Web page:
Israel and the US will offer incentives to Russia later this month in a bid to curb Iran’s influence in Syria, which could include legitimizing the continued leadership of Syrian leader Bashar Assad, a London-based Arabic newspaper reported Sunday.
The incentives will be raised at an unprecedented trilateral meeting of national security advisers scheduled for later this month in Jerusalem, according to a report in Asharq al-Awsat that quoted Western diplomats and was cited by Israel’s Kan public broadcaster. The report did not clarify what the other proposals could be.
US National Security Adviser John Bolton, Israeli National Security Adviser Meir Ben-Shabbat and Russian Secretary of the Security Council Nikolai Patrushev will meet in Jerusalem later this month, according to an announcement made by the White House on Wednesday, just minutes before the Knesset voted to disband and to set new elections for September 17.
The rare tripartite meeting is expected to deal mostly with Syria, specifically Iran’s efforts to entrench itself militarily near Israel’s borders, and the planned withdrawal of US troops from the war-torn country.
Moscow is a close ally of Tehran and Damascus, while Jerusalem and Washington are the Islamic Republic’s arch-enemies.
Ben-Shabbat met Bolton last month in Washington, mainly to discuss Iran and “other destabilizing actors,” a senior US administration official said at the time.
Bolton and Ben-Shabbat reiterated their “shared commitment to countering Iranian malign activity & other destabilizing actors in the Middle East and around the world,” the US national security adviser tweeted.
Ben-Shabbat last met with Patrushev in September 2018 in Moscow to discuss “regional issues in the Middle East, including the situation in Syria,” according to a readout provided by the Prime Minister’s Office. “National Security Adviser Ben-Shabbat emphasized that Israel insists that Iranian forces must leave all of Syria,” the readout said.
Toward the start of the Syrian civil war, the Israeli military established a number of “red lines” that if violated would result in a retaliatory strike, including any attacks — intentional or otherwise — against Israel.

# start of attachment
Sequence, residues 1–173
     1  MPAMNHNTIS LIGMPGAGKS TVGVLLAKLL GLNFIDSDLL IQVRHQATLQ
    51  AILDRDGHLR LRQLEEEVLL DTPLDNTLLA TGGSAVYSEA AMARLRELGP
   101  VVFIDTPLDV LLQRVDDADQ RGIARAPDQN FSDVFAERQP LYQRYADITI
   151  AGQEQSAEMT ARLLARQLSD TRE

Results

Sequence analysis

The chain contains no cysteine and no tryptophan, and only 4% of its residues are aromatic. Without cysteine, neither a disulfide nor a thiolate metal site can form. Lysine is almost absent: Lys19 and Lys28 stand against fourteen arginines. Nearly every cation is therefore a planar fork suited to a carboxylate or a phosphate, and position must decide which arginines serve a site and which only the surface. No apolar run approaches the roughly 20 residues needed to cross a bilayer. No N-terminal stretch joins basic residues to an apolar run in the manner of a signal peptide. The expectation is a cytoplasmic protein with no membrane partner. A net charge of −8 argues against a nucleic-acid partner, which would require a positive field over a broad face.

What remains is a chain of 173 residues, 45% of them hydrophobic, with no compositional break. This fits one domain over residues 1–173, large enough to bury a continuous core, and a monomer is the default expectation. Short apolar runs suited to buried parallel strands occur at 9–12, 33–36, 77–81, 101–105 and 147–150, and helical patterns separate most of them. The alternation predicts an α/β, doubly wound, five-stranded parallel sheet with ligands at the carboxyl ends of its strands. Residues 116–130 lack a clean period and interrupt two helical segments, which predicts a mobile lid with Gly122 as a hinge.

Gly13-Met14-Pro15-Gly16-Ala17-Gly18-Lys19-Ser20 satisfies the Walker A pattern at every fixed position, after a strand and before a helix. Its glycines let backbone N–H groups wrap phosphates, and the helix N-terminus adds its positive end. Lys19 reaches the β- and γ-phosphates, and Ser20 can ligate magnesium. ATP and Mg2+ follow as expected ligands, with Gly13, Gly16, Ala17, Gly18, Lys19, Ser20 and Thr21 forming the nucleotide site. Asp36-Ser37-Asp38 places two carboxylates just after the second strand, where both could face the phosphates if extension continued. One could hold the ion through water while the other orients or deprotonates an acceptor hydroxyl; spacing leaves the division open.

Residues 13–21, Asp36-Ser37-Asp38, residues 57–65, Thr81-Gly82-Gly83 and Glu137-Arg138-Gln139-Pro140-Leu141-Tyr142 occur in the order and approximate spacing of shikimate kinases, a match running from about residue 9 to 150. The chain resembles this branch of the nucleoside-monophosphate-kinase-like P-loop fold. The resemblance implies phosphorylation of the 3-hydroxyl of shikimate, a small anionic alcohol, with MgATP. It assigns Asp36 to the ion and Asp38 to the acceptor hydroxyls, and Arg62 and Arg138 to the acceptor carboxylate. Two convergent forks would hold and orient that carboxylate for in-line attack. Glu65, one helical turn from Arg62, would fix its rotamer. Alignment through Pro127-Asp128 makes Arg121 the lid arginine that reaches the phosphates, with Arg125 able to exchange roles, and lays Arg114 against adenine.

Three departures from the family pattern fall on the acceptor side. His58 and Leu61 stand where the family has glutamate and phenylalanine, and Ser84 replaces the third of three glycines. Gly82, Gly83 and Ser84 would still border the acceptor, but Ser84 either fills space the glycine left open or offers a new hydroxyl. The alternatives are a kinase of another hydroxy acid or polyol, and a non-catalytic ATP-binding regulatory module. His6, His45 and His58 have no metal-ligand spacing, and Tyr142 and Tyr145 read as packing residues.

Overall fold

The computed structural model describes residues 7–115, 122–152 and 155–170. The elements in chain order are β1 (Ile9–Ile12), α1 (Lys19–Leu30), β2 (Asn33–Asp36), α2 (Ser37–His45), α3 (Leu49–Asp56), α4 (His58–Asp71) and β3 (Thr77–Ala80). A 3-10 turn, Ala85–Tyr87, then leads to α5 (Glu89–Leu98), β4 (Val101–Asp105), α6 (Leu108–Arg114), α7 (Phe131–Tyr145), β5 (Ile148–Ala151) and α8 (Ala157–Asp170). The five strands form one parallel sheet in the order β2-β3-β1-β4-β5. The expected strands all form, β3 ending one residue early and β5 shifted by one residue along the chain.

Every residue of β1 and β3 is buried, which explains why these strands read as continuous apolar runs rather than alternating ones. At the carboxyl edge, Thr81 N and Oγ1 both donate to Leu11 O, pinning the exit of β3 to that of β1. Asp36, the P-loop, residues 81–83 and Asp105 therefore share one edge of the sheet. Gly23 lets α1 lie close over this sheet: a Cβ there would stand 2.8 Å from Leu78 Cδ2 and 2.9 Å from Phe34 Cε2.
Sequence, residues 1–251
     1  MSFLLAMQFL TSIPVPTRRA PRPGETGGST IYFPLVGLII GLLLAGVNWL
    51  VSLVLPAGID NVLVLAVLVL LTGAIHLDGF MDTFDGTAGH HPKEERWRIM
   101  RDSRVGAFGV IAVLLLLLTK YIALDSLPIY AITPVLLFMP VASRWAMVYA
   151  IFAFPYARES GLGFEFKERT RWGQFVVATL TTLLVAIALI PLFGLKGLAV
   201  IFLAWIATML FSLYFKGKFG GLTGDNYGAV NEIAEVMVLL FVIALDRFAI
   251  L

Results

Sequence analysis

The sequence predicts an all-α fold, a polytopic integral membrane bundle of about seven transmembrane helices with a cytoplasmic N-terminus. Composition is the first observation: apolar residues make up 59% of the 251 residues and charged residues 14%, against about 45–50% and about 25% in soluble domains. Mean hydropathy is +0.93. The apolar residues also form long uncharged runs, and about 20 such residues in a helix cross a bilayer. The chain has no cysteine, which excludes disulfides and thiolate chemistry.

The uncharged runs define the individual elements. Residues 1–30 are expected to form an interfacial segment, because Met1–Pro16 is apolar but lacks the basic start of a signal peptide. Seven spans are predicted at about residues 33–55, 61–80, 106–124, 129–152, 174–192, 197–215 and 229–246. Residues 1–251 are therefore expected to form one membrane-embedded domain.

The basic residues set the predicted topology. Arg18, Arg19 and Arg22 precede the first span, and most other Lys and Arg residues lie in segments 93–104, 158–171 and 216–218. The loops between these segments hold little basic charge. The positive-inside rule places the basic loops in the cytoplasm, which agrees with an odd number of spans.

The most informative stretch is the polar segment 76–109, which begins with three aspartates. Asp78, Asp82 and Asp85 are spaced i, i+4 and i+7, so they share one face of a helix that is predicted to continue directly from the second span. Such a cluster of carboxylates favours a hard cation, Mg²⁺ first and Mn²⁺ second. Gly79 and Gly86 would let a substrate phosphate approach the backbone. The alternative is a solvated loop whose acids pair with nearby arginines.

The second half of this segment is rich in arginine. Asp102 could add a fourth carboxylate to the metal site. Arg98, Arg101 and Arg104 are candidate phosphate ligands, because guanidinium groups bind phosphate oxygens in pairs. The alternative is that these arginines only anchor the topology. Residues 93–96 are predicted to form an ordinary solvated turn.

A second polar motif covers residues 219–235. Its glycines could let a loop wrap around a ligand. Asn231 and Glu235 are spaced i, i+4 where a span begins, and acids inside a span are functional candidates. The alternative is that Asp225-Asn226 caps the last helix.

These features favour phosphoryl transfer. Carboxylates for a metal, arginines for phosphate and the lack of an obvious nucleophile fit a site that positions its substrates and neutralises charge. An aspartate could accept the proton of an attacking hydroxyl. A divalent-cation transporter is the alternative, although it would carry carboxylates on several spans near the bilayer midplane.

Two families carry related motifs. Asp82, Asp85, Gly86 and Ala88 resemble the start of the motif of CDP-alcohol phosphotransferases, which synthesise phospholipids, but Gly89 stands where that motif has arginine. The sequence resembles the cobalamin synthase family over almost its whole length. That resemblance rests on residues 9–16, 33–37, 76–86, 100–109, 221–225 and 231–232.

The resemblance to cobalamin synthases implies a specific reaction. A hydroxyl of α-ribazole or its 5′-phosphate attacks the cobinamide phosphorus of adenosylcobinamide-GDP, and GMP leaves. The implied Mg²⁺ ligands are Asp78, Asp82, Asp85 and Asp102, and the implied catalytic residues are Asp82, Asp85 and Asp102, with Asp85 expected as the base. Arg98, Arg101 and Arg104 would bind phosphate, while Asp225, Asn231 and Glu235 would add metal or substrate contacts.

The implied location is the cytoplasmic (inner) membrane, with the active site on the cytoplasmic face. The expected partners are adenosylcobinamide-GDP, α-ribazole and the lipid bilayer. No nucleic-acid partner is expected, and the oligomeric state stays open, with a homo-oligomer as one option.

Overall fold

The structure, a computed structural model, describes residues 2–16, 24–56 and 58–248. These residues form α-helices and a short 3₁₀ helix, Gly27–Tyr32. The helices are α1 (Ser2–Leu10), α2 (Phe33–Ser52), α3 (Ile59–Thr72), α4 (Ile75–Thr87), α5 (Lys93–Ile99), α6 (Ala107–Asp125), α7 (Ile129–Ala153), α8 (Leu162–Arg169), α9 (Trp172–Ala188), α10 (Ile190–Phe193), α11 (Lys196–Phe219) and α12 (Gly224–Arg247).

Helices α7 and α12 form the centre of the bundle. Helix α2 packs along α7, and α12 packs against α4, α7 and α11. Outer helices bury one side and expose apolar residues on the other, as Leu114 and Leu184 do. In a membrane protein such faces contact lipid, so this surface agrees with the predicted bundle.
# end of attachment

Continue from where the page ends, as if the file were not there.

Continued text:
They also included Iranian efforts to establish a permanent military presence in Syria and attempts to transfer advanced munitions to the Lebanon-based Hezbollah terrorist group.
In recent years, Israel has acknowledged conducting hundreds of airstrikes in Syria in response to these “red line” violations.
Early Sunday morning, the Israel Defense Forces attacked several military targets in Syria in response to two rockets that were fired from the country at the Golan Heights on Saturday night.
Helicopters and planes attacked several targets connected to the Syrian army, including two artillery batteries, several observation and intelligence outposts, and an SA-2 type air defense unit, the IDF said in a statement.
Syrian media reported that Israel also struck several targets connected to Iran and is proxy militias in Syria, in the area of al-Kiswah, south of Damascus. These strikes reportedly targeted weapons caches and a military training facility.
The Israeli army refrained from specifying whom it believes fired the two rockets at the Golan Heights — one of which landed inside Israeli territory, the other in Syria — but said it “sees the Syrian regime as responsible for all attacks against Israel from Syrian territory.”
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